It didn’t take long for the Senate filibuster agreement to have an effect. First thing the following morning, the Senate cleared the way for an up or down vote 0 and it will be up – next week on Priscilla Owen’s four-year-old nomination to the Fifth Circuit Court.
Votes on long-stalled circuit court nominees Janice Rogers Brown and William Pryor should quickly follow. Two other nominations are likely dead as a result of the deal.
But this is not about circuit court nominees. It is about President Bush filling a Supreme Court vacancy and naming a new chief justice, perhaps as early as this summer. As far as a long-term effect on the country, that could be as important as anything he will do in his eight-year presidency.
The key line in the filibuster agreement urges Bush to consult with both Democrats and Republicans on judicial appointments, meaning the agreement will last only as long as his Supreme Court nominee is from close to the middle of the ideological spectrum.
The deal reached by the Filibuster 14 _ seven Republicans and seven Democrats _ averted a nasty and debilitating battle over the “nuclear option,” a plan by the Republican leadership to reduce from 60 to 50 the number of votes needed to end a judicial filibuster. The Senate has 55 Republicans, which would give Senate GOP leader Bill Frist a rubber stamp.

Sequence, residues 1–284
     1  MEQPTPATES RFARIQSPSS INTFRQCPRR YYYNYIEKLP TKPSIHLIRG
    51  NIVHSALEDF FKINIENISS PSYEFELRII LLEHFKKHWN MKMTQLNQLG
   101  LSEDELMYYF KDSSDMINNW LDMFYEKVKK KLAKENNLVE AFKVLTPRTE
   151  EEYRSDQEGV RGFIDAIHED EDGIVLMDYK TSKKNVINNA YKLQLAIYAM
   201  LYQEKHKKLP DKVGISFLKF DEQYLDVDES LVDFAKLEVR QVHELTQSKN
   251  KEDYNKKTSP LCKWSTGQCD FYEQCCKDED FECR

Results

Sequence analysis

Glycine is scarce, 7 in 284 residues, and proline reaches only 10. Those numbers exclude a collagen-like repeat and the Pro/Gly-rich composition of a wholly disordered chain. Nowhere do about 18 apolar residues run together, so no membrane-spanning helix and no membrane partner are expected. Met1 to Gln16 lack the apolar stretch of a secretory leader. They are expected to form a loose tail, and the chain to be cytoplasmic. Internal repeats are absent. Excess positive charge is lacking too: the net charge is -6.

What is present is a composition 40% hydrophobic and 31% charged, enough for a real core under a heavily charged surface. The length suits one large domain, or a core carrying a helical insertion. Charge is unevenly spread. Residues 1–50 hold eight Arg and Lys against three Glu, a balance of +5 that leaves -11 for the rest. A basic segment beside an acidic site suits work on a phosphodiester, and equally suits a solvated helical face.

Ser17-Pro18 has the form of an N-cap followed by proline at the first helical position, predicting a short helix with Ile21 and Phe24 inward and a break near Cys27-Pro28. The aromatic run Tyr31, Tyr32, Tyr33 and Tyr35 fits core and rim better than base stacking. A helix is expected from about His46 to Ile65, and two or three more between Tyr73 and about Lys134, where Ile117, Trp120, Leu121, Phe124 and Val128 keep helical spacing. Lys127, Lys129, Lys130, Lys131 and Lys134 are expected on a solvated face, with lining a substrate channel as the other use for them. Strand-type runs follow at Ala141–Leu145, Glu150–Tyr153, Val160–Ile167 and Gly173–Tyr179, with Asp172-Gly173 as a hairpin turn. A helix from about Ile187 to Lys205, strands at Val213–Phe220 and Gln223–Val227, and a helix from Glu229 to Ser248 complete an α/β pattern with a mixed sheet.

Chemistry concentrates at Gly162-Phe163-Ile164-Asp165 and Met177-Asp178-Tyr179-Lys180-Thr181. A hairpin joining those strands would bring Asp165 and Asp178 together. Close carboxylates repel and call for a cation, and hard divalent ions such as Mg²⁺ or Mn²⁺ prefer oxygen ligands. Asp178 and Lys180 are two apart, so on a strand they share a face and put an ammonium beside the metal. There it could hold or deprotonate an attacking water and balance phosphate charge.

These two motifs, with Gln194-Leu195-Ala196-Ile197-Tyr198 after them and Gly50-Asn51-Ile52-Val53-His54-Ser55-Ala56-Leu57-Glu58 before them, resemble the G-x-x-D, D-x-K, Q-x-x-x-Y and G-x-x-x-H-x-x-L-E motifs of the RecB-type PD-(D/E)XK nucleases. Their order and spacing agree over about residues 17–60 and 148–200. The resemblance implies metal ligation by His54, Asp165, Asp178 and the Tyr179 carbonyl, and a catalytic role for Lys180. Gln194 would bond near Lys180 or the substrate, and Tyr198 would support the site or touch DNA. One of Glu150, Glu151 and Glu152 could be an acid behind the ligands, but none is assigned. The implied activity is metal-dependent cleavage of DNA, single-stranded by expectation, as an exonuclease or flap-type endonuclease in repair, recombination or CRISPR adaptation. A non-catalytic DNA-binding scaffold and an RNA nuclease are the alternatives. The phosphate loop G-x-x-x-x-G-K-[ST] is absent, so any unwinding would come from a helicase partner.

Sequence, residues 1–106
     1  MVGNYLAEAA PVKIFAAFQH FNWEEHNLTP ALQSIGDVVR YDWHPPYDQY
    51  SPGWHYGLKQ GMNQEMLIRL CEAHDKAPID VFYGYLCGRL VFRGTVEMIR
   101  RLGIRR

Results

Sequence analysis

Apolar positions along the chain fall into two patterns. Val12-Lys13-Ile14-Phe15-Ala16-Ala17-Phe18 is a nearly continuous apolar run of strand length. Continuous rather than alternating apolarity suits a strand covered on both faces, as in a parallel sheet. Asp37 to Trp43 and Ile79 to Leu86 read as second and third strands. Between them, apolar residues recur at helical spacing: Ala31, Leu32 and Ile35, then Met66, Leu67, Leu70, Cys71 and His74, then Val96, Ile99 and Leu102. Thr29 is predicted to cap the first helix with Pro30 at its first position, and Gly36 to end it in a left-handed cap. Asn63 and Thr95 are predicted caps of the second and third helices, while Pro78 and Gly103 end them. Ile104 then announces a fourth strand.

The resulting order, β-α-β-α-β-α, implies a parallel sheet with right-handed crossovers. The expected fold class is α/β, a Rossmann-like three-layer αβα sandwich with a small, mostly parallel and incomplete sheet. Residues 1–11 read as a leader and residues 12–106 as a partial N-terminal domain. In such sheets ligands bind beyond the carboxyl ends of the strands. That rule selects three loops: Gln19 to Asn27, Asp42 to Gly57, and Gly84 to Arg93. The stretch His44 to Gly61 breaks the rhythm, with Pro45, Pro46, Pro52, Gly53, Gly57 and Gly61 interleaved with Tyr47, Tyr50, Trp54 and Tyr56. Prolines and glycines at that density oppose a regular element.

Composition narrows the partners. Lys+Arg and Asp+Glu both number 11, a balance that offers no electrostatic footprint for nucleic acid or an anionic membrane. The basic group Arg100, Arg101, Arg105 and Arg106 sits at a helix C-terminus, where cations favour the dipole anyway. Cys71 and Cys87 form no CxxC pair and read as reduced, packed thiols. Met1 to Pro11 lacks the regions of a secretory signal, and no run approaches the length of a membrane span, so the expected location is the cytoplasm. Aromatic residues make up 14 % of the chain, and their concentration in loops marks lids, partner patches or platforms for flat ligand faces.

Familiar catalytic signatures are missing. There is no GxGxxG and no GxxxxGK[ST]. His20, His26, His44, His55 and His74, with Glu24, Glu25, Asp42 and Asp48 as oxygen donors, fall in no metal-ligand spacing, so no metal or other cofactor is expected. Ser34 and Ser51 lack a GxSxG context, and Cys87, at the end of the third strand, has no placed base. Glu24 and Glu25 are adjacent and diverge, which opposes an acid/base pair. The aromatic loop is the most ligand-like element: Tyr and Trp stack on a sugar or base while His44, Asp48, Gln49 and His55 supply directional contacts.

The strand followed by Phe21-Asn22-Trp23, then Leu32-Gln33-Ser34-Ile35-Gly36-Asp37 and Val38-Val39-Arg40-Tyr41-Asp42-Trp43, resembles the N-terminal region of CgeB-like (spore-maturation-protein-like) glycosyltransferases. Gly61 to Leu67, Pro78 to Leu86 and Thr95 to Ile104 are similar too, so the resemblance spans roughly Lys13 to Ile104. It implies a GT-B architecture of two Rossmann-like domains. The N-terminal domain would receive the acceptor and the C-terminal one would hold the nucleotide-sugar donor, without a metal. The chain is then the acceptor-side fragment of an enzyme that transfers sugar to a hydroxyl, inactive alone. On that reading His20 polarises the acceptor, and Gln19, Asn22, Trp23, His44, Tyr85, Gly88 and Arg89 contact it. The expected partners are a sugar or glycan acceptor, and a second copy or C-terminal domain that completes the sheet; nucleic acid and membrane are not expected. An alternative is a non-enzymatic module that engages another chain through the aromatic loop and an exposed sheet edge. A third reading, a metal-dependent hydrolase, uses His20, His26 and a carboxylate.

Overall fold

The 11th-hour compromise calls on Democrats to use judicial filibusters only in “extraordinary circumstances” and the Republicans to oppose voting on judicial nominations any way other than the current rules; i.e., no nuclear option.
The deal angered Republican social and political conservatives who wanted to see the Democrats steamrolled, and it even disappointed some Democrats who thought the Republicans were overreaching themselves and being set up for a public backlash.
Among them, the Filibuster 14 represent swing votes that could control the Senate agenda if they wished. But it is an unlikely coalition of old bulls, mavericks, newcomers and representatives of the dwindling band of Senate centrists. And the coalition may hold only as long as the definition of “extraordinary circumstances” isn’t pressed.
The filibuster compromise postpones rather than solves the problem of deep-seated party differences over judicial nominees but it is heartening evidence that bipartisanship isn’t completely dead.
(Contact Dale McFeatters at McFeattersD(at)SHNS.com)